1. Tracking is completely different on mobile platforms. The traditional gold standard of affiliate tracking — cookies — aren’t a viable option on mobile. Even if you manage to cookie someone in a mobile browser, those cookies are almost always sandboxed outside of native apps. You can’t get at them inside apps, so you can’t use them to track. You also can’t simply throw query parameters on your app store links and expect to access them in your app once it’s downloaded like you might do on the web. You’re going to need some special sauce to get you there.

  1. Native mobile apps feel much different than mobile websites or an “app” that lives in a mobile browser. Mobile devices aren’t as powerful as desktop computers and only a fraction of mobile computing power can be tapped into inside a browser or web-based view. As a result, web-based mobile experiences often feel significantly less polished. By contrast, native apps take full advantage of the mobile device’s capabilities, which provides a smooth and rich experience.

  1. First-class support for mobile means taking full advantage of the platform’s sharing abilities. Email and SMS are the two highest-performing referral channels and the address book is the key to getting people to use them. Without that, you’re left with a clunky experience that, in turn, leads to low participation. A true native mobile experience allows you to take full advantage of integrations to provide the best sharing experience possible. This empowers users to pull up their address book with a single tap and easily choose who to share their referral link with, which leads to higher participation, more shares, more clicks, and ultimately more referrals.

  1. Universal links are a must. No one is going to share or click on separate links based on the platform they’re using or whether or not they have an app installed. Users shouldn’t have to copy and paste codes to make sure they get a discount or their friend gets credit for referring them. This isn’t a realistic expectation of consumers. They deserve a single link to share and click that intelligently adapts to their situation and platform without the added hassle.

What Makes Ambassador’s Mobile UX Different

You may have guessed this already, but we take pride in providing a seamless mobile experience for our customers. Our platform delivers 99.9% tracking accuracy through universal links and device fingerprinting so that you can focus on creating and analyzing campaigns, instead of worrying about how the tracking and links work behind the scenes. Our offerings are completely native, so they look and feel just like your app, and we offer native address book integration to ensure there’s no friction between your customers and referring.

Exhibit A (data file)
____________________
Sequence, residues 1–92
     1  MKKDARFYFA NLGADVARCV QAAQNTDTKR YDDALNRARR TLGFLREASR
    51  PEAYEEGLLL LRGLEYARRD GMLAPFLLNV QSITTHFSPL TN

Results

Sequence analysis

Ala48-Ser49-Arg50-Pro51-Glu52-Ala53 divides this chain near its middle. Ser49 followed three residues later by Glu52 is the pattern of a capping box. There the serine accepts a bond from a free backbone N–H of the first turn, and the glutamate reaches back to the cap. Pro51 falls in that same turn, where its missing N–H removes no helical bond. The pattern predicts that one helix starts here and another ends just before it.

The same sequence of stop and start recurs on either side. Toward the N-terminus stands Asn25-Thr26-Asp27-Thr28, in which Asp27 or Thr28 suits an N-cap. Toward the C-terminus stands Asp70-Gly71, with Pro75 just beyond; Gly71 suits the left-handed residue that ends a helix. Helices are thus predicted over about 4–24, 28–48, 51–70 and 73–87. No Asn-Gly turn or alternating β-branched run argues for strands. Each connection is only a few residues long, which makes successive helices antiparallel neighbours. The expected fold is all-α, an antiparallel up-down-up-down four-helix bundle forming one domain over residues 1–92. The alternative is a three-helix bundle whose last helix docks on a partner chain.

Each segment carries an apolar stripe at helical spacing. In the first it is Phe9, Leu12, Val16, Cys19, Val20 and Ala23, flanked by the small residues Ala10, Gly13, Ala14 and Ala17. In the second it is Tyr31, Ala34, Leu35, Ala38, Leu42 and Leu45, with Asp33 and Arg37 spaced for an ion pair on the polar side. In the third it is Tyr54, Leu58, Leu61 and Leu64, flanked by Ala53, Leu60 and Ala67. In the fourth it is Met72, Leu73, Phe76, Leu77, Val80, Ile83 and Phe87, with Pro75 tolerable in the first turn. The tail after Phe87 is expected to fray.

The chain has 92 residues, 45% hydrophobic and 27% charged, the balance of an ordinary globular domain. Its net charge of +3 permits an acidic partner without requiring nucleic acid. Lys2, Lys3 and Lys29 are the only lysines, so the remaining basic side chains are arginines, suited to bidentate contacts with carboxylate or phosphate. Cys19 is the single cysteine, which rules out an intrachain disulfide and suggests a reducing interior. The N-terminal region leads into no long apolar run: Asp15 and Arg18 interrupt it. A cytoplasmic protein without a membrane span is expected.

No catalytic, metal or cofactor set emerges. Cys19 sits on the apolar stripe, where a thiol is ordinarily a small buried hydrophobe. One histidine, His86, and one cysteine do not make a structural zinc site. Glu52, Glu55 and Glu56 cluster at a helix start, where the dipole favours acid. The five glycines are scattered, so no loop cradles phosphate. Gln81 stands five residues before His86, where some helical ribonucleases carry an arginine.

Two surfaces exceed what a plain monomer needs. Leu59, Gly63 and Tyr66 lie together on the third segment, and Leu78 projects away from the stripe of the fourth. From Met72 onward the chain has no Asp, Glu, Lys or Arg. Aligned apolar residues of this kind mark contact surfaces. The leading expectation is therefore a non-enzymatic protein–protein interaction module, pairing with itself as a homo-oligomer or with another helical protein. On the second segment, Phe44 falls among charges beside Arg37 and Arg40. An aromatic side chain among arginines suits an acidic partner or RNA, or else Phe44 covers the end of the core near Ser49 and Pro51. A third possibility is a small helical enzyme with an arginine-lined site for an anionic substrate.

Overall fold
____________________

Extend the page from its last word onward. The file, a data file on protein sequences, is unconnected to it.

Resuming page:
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An example of Ambassador’s mobile experience in action.

We’re always looking to go the extra mile for our customers here at Ambassador, so we just released a demo app that anyone with an Ambassador account can try out today. It allows you to customize the look and feel of the entire experience using your brand’s fonts, colors, images, logos, and messaging so that you can test your mobile referral program right away. Once you’re all set, the app lets you export everything your developers need, taking out the usual headaches of getting integrated on mobile.

 

Customer Experience Matters

In order for brands to deliver innovative and custom experiences across touchpoints and channels, they need to make mobile UX a priority. It is very easy to claim mobile capabilities without actually having a true mobile experience, and in today’s cross-channel world that’s not going to cut it. If you want to build the best relationships with your customers and prospects, make sure your referral marketing vendor is able to provide a seamless experience across all channels.

 

Take a look for yourself and play around with our demo app, now available in the App Store and Google Play.

Posted in Marketing Strategy

Chase Lee

Written by Chase Lee

Chase Lee is the CTO of Ambassador. As a self-taught developer at a young age, his first programs were written and distributed on floppy disks shortly after the first dot-com bubble burst.